Veterinary students visit Capitol Hill as part of AVMA Fly-In


Matt Holland, Lynsee Melchi and Matt Shockey, members of the Class of 2017 at the University of Illinois.

Maggie Chu, a third-year veterinary student at Cornell University, attended the 8th AVMA Legislative Fly-In because she wants to get more involved with her future profession.

“I want to shape my profession to be better than what it is. Maybe that won’t end up being a full-time career, but I want to be involved in order to be able to make an impact,” she said after returning home from the Feb. 28-March 1 event in Washington, D.C.

The annual Fly-In brings veterinary students to Washington to introduce them to the legislative process. Students meet with the AVMA’s Governmental Relations staff to learn about legislation that impacts the veterinary profession, and they also have an opportunity to meet with elected officials.

Being on Capitol Hill “demystified” the legislative process for Lynsee Melchi, a third-year student at the University of Illinois who also attended this year’s event. Melchi said she has always been interested in advocating for the profession and has experience at the state level, serving as the Class of 2017 representative for the Illinois State Veterinary Medical Association.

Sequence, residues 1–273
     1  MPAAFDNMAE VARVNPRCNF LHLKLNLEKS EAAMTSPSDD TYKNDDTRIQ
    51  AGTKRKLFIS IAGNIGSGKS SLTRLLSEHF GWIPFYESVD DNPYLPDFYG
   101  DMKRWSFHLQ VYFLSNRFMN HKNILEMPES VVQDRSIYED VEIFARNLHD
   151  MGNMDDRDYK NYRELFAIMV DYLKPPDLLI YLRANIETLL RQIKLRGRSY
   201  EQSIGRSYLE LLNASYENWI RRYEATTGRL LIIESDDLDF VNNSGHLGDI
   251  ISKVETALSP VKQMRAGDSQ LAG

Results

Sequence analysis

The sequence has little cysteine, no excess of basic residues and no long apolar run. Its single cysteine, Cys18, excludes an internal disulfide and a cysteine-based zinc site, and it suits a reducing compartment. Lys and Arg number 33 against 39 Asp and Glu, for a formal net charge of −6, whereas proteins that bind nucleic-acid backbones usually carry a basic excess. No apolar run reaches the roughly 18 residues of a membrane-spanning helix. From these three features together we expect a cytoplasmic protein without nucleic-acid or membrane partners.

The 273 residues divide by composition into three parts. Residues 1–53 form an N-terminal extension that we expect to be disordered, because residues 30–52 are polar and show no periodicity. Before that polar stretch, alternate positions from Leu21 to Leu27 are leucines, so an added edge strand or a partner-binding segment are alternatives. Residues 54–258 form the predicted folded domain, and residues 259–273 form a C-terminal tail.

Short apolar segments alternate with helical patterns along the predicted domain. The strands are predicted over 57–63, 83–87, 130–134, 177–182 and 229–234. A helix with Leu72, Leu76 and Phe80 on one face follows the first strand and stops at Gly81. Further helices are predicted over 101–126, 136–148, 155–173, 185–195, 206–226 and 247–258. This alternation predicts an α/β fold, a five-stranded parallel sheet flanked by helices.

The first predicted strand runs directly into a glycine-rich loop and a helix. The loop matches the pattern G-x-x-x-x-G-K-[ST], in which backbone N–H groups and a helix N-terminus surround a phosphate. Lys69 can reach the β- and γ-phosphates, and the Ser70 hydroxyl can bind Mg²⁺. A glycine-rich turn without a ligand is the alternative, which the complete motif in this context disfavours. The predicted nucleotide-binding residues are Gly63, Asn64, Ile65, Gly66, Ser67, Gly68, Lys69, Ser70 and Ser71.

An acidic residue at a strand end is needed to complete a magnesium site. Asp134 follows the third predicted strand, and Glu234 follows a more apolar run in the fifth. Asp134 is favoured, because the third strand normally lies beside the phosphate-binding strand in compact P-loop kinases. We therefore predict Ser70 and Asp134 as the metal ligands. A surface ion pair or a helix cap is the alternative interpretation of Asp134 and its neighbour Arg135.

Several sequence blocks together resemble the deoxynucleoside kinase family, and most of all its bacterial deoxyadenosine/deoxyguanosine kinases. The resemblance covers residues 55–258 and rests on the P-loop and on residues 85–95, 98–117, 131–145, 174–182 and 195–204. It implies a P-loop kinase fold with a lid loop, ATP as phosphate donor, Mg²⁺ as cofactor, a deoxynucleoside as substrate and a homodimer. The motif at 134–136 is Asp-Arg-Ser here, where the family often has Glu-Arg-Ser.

“People think we can’t change things,” Melchi said. “I don’t think our time on the Hill will change things tomorrow, but it’s an investment in a process.”

Matt Holland, a fourth-year veterinary student at the University of Illinois and the current president of the Student American Veterinary Medical Association (SAVMA), described the Fly-In as an “irreplaceable and invaluable learning experience. “ The Fly-In inspired him to apply for AVMA’s Congressional Fellowship program.

“It was really cool to talk with staffers and connect with them,” Holland said. “To go to D.C. and see the process of talking about policy and legislation was such a good educational experience – you can’t Google that.”

The Fly-In gave the students a chance to understand the legislative process much better than they did before. Chu said her experience helped her learn more about the way Congress works.

“In history class in high school, you go through how the government works, but before this I don’t think I understood how elected officials interact with their constituents,” she said.

The students had an opportunity to meet with some elected officials: U.S. Rep. Kurt Schrader (D-Ore.) and U.S. Rep. Ted Yoho (R-Fla.), both veterinarians and members of the House Veterinary Medicine Caucus. In his talk to the students, Rep. Schrader focused on his path from veterinary medicine to Congress, and Rep. Yoho spoke about policy.

Getting to see Schrader and Yoho “is just another reinforcement of the idea that veterinarians are in places you don’t expect them to be, which is very cool,” Melchi said.

Melchi added she appreciated the opportunity to be exposed to a non-traditional path in veterinary medicine, and just to be in Washington.

“It was exhausting, but it was worth every minute,” she said.

Students attending the Fly-In received stipends for travel and lodging expenses, generously contributed by Banfield Pet Hospital. We thank them for their continued support of this great effort. 

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